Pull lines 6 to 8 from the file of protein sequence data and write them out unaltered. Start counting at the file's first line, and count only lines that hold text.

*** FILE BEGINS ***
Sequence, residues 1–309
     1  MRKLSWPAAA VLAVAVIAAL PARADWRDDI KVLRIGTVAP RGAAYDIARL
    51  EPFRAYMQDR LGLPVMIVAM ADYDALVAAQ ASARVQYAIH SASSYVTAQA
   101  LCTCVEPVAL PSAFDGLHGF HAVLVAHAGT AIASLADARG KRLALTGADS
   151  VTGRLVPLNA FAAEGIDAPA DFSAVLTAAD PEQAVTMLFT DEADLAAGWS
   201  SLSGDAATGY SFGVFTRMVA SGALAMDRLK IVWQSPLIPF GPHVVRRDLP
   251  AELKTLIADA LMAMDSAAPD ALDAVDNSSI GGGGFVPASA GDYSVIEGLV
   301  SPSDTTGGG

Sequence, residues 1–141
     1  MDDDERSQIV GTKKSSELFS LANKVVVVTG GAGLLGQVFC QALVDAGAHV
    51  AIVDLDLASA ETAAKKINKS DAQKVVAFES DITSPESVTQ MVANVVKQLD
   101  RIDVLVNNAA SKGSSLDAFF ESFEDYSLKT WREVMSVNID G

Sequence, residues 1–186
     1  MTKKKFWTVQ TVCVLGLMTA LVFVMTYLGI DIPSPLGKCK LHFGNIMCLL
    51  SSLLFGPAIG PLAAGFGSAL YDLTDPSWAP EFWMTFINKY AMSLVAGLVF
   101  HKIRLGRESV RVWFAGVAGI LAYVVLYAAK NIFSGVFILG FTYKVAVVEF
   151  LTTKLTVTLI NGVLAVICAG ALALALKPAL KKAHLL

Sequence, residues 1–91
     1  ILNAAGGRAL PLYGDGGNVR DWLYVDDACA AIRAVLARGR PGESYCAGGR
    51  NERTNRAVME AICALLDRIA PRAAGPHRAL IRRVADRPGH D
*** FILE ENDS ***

   201  SLSGDAATGY SFGVFTRMVA SGALAMDRLK IVWQSPLIPF GPHVVRRDLP
   251  AELKTLIADA LMAMDSAAPD ALDAVDNSSI GGGGFVPASA GDYSVIEGLV
   301  SPSDTTGGG